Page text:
Murrray Klippenstein has practiced as a public interest organizational and litigation lawyer in Toronto for three decades, founding his own small law firm twenty years ago. Murray has represented clients and organizations in the fields of Indigenous law, environmental law, civil rights, affordable housing, international human rights, and other areas. Murray has for many years represented an indigenous Cree Tribal Council in the far north James Bay area of Ontario in defending their indigenous and Treaty rights on issues arising from mining and forestry in their ancestral territory. Murray is also lead litigation counsel in a ground-breaking international human rights lawsuit against international Canadian mining company Hudbay Minerals, on behalf of a group of indigenous Mayan individuals in Guatemala, for alleged gang rapes and murder at the Hudbay mine there. Murray is currently co-lead litigation counsel in a class action for approximately 1,000 protestors and citizens who were detained by Toronto Police in wrongful mass arrests during the 2010 G-20 Economic Summit in Toronto.
Murray has received many awards for his human rights work from the labour union, Indigenous and academic sectors. He has twice been named by Canadian Lawyer Magazine in their annual survey as one of the Top 25 Most Influential Lawyers in Canada.
Nathalie Des Rosiers became the 6th Principal of Massey College on August 1, 2019. From 2016-2019, she was a Member of Provincial Parliament for Ottawa-Vanier in the Legislative Assembly of Ontario. Prior to entering politics, she was the Dean of the Faculty of Law, Common Law Section, at the University of Ottawa (2013-2016). Her areas of expertise are constitutional law and women’s rights. She also served as the General Counsel for the Canadian Civil Liberties Association (CCLA), a national organization that acts as a watchdog for the protection of human rights and civil liberties in Canada, from 2009 to 2013. In that capacity, she appeared in front of Parliament and various legislative bodies to defend the rule of law and constitutional protections. The CCLA is also an intervener in front of all levels of courts in Canada.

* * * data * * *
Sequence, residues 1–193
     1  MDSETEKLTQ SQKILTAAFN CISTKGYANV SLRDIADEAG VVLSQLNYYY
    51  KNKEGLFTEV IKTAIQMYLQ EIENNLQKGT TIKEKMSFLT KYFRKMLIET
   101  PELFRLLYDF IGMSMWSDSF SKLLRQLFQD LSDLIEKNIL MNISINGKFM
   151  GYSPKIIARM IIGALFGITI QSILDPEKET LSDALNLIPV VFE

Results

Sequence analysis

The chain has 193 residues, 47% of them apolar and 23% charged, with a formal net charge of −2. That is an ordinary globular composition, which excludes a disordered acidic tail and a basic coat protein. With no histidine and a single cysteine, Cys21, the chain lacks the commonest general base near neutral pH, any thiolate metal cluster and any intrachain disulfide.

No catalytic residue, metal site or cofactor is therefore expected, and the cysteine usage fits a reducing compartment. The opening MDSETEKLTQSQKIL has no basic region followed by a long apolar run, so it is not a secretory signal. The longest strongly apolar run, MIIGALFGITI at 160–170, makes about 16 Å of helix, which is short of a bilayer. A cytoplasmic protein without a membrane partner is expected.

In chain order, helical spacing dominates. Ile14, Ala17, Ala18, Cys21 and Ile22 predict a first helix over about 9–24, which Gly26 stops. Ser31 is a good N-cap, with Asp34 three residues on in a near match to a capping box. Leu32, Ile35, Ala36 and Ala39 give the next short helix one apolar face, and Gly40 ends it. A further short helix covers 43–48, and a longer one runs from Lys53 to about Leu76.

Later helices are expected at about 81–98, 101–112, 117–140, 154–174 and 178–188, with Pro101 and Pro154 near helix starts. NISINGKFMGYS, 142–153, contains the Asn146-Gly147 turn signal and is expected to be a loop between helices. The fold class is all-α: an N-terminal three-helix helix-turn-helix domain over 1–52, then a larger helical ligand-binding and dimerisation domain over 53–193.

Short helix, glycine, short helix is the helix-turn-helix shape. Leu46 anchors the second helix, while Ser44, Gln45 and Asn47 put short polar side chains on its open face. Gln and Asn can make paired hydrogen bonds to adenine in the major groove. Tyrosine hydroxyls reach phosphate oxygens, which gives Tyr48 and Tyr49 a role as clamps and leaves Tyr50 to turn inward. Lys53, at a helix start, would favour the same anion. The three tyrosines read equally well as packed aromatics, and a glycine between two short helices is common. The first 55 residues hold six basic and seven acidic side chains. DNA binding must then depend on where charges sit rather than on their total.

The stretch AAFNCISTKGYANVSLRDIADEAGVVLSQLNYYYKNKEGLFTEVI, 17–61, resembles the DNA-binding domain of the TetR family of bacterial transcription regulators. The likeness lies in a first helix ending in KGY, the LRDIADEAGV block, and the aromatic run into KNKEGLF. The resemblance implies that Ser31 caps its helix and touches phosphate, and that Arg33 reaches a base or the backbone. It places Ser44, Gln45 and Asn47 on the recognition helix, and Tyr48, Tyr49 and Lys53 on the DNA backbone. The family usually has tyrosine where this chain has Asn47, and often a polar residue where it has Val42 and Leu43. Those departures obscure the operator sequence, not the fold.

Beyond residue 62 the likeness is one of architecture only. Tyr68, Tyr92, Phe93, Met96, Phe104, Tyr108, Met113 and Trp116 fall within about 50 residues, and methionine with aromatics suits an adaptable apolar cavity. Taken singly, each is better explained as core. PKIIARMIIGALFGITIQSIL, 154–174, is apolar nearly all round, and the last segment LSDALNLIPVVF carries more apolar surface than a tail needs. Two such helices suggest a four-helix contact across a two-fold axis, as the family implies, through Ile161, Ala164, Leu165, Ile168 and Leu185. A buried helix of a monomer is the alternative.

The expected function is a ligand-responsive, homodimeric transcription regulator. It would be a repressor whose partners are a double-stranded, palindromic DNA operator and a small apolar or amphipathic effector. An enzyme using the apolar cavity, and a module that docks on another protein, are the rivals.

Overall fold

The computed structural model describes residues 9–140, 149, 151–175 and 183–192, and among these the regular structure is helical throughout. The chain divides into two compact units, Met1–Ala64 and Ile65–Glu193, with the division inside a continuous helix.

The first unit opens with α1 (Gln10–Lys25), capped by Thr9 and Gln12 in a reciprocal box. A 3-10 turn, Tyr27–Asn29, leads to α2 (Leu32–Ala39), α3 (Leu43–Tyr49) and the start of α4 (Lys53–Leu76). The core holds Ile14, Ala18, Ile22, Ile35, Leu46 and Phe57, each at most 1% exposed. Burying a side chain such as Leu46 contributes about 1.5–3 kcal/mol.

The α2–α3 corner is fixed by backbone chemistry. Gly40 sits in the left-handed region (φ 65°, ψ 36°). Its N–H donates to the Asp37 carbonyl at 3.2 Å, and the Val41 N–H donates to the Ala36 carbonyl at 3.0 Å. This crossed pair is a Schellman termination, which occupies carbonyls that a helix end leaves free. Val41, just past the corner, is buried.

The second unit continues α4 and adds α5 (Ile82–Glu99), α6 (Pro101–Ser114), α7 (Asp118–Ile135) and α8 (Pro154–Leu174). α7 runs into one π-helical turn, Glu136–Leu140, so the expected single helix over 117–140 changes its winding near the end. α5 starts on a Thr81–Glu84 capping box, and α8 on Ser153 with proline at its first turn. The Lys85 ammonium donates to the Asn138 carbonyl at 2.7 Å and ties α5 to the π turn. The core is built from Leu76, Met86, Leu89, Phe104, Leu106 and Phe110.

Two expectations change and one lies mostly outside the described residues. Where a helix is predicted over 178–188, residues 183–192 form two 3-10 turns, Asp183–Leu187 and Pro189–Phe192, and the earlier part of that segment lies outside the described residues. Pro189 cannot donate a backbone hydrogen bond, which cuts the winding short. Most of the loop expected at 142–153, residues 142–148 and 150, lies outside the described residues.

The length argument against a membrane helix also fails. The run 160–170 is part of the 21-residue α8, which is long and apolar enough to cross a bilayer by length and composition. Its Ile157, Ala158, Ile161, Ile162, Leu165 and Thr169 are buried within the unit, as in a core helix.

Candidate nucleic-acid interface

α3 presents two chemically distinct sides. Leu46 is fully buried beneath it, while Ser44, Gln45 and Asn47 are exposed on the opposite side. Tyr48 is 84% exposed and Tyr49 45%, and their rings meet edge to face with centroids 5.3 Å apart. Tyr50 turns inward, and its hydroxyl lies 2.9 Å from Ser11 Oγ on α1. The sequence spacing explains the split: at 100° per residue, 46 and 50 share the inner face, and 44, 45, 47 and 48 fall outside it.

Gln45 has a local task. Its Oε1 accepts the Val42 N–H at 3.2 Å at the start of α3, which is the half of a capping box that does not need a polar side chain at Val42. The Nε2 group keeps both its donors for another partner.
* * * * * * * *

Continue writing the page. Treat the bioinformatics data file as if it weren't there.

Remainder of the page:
Prior to her appointment to the CCLA, Ms. Des Rosiers was Interim Vice-President – Governance for the University of Ottawa (2008-2009), Dean of the Civil Law Section, University of Ottawa (2004-2008), and President of the Law Commission of Canada (2000- 2004). She has been in private practice in Montreal and London, Ontario and was professor of law at Western Law School for many years. She was a member of the Environmental Appeal Board of Ontario, of the Pay Equity Board of Ontario, a Commissioner of the Ontario Law Reform Commission and a Board member of the Law Commission of Ontario. She also served as the President of the Federation of Social Sciences and Humanities, President of the Council of Law Deans, President of the Canadian Association of Law Teachers and of the Association des juristes d’expression française de l’Ontario.
Ms. Des Rosiers has received many honours, including the Order of Canada in 2013, the Order of Ontario in 2012, an Honorary Doctorate from the UCL (Université catholique de Louvain) in Belgium in 2012, an Honorary Doctorate from the Law Society of Upper Canada, the Medal from the Law Society of Upper Canada, the NUPGE Award, the APEX Partnership Award and was named one of Canada’s 25 most influential lawyers in both 2011 and 2012 and the Personality of the Year -Education (Radio-Canada – Law) in 2004. She holds a law degree from the Université de Montréal, a master’s degree from Harvard Law School and she is a member of the Quebec and Upper Canada Bars. She is also a Fellow of the Royal Society of Canada.